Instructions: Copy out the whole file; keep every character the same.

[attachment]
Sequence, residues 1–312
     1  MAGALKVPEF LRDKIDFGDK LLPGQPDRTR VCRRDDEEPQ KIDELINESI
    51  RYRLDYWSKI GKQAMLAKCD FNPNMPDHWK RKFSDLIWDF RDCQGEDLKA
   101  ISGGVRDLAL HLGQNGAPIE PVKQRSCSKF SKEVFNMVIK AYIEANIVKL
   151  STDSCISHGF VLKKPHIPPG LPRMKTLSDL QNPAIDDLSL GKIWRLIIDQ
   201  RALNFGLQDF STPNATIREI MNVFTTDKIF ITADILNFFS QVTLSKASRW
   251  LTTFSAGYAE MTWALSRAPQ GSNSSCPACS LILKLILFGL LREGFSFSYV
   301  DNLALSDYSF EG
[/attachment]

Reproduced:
Sequence, residues 1–312
     1  MAGALKVPEF LRDKIDFGDK LLPGQPDRTR VCRRDDEEPQ KIDELINESI
    51  RYRLDYWSKI GKQAMLAKCD FNPNMPDHWK RKFSDLIWDF RDCQGEDLKA
   101  ISGGVRDLAL HLGQNGAPIE PVKQRSCSKF SKEVFNMVIK AYIEANIVKL
   151  STDSCISHGF VLKKPHIPPG LPRMKTLSDL QNPAIDDLSL GKIWRLIIDQ
   201  RALNFGLQDF STPNATIREI MNVFTTDKIF ITADILNFFS QVTLSKASRW
   251  LTTFSAGYAE MTWALSRAPQ GSNSSCPACS LILKLILFGL LREGFSFSYV
   301  DNLALSDYSF EG